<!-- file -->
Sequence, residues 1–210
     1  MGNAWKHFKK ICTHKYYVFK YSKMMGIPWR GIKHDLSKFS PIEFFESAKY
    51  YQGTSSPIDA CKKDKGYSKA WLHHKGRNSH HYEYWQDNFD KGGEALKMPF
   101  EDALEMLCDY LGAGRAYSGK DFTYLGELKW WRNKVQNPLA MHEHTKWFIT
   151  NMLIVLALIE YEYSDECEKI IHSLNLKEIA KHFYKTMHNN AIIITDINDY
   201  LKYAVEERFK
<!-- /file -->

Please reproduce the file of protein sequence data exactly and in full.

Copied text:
Sequence, residues 1–210
     1  MGNAWKHFKK ICTHKYYVFK YSKMMGIPWR GIKHDLSKFS PIEFFESAKY
    51  YQGTSSPIDA CKKDKGYSKA WLHHKGRNSH HYEYWQDNFD KGGEALKMPF
   101  EDALEMLCDY LGAGRAYSGK DFTYLGELKW WRNKVQNPLA MHEHTKWFIT
   151  NMLIVLALIE YEYSDECEKI IHSLNLKEIA KHFYKTMHNN AIIITDINDY
   201  LKYAVEERFK